Though this show and its brilliant staging is seemingly surreal at times, if we consider the vast interior spaces within these characters to be our subject matter and setting then this wild and hallucinatory tale seems wholly naturalistic. And that’s part of the point. In the canon of Sam Shepherd’s many plays folks are fragmentary beings at best, entirely incomplete and searching for their lost bits, halves and selves. The characters we meet here are archetypically American, living on the fringes of the dream but ones who would also be equally at home on King Lear’s heath or Samuel Beckett’s apocalyptic landscape. What we encounter in “A Lie of the Mind” is a depiction done in deft and haunting poetry of humanity stripped down to its essence.
The grace and scope of Shepard’s words are served very well here by Brian Mertes’ brilliant direction and Eugene Lee’s dreamy, trippy and all-encompassing set. The entirety of the small downstage theater has been painted white. There is a plastic wading pool by the apron of the curved stage and at the rear a wall has been made of a tall stack of square window fans with a door for entrances in the center. Though this empty and desolate space will soon become more cluttered with odds and ends, actors and more set pieces, here the seemingly inchoate is utterly specific, lucid landmarks in a dreamscape.
At the outset we encounter an actor arranging cinder blocks upon the floor and it is as if he is laying the sub-textual foundations for this play, a space where our consciousness shall be both riveted and allowed the contemplative freedom to wander and ponder. This mood is enhanced by the music written and performed onstage by Phillip Roebuck that is earthy, bluesy and pulses throughout and punctuates the action of the play.
As for that action, the main event of “A Lie of the Mind” occurs before the play begins. Jake (Benjamin Grills) has beaten his lover Beth (Britt Faulkner) badly, he believes, to death. It is the consequences of this action on them and their respective families that is explored here; we witness not the brutal blow but the after effects, the lingering, healing bruise and the festering wound left upon the soul. Along the way we encounter their families as well as the themes that populate Shepard’s work: absent fathers, alcoholism, the American west, nonsensically no-nonsense mothers, and, most importantly, a sense of inner emptiness and the urge to retrieve that which was lost.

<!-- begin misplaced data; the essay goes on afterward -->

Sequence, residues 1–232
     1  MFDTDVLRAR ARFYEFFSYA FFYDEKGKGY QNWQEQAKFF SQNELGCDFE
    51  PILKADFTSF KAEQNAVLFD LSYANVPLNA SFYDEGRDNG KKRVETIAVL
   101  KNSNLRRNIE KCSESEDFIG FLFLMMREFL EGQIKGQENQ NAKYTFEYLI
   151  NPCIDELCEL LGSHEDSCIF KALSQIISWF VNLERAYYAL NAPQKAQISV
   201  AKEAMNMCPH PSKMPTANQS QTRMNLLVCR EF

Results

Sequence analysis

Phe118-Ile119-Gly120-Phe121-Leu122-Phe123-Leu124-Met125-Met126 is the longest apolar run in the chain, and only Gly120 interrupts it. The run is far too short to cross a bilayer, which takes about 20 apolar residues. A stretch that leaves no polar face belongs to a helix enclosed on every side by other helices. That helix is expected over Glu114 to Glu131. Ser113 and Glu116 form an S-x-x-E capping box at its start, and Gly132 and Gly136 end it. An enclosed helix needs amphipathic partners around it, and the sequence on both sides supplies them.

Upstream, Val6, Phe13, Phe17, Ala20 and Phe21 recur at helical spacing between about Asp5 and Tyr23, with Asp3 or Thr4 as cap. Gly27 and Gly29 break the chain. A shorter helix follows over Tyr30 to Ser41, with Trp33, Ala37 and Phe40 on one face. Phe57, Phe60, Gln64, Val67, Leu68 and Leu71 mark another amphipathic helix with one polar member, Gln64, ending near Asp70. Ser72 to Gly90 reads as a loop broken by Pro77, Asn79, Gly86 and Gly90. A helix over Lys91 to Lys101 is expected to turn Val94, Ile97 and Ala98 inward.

That is a lot to encompass but Director Brian Mertes keeps our attention rapt and focused and the haunting and visceral stage pictures he devises allows the events of this play to seep into our attention on both literal and symbolic levels. He makes Shepard’s text absolutely clear, no mean feat with the lyrical language these characters express themselves in. Beth and Jake utter some stark, simple and essential truths onstage and quite often the dialogue consists of seemingly subconscious reactions to external events, unedited utterances fly out of mouths because the feelings behind them are buried so deep the characters don’t know to think about them. It is no accident, for example, that the brain-damaged but insightful Beth confuses the word ‘costume’ for ‘custom’. We face our reality behind an outer façade that we have fashioned, that which is really ourselves lies elusively far below. “You ever think about the things you say?” asks one character and the answer here is “no, we don’t.”
“How could you know this thought in me?” asks Beth and as she asks the beautifully expressive face of Britt Faulkner, wary, alert and haunted, registers an absolute longing for answers. Hers is a heartbreakingly intuitive performance in the role. As Jake, Benjamin Grills is, appropriately, far more of a feral child than a battering brute. Also quite appropriate and absolutely harrowing here, each of these two actors seem onstage to be a lost soul, searching endlessly for that which has been sliced out of them.
The entire Trinity Rep Company here is absolutely crackerjack. Tim Crowe shines as a sly and wizened Baylor. As his wife Meg Anne Scurria is a loopy and ethereal presence but one with a heart of steel hidden beneath the layers of wispiness. Janice Duclos is casually chilling in her matter-of-fact portrayal of Jake’s mom Lorraine.
Rebecca Gibel seems to be ever-toiling under put-upon burdens as Sally. Billy Finn and Charlie Thurston offer honest and insightful performances as Mike and Frankie. All offer spot-on performances as the disparate parts of two dysfunctional families.
As the action unfolds, director Brian Mertes will keep the actors from a previous scene onstage while the subsequent scene starts, either immobile or in stylized motion and this works, these are hardscrabble folks always spinning their wheels and like the bank of electric fans behind them, each is in perpetual motion but getting nowhere. Though, for some, not all hope is lost.
The shared experience of witnessing “A Lie of the Mind” is so special and singular that description tends to diminish this event. Though it clocks in at three hours you wouldn’t know it, time, as in dreams, seems to fly by. During intermissions and after curtain call a collective hush seemed to hold sway over the audience, none wished to break the spell of what we had just seen. This production at Trinity Rep is just that profoundly moving and director Brian Mertes weaves a spell with Sam Shepard’s words to create as great a depiction as humanly possible onstage of our fractured and frenzied consciousness. “How could I know something that I didn’t know?” muses Jake and Brian Mertes highly intuitive interpretation of this great American play goes a long way towards answering that question, an answer found not in the mind but in the heart. The lies our minds devise prove here to be utterly heartbreaking.
“A Lie of the Mind” at Trinity Repertory Company, now through June 29. See listings for details.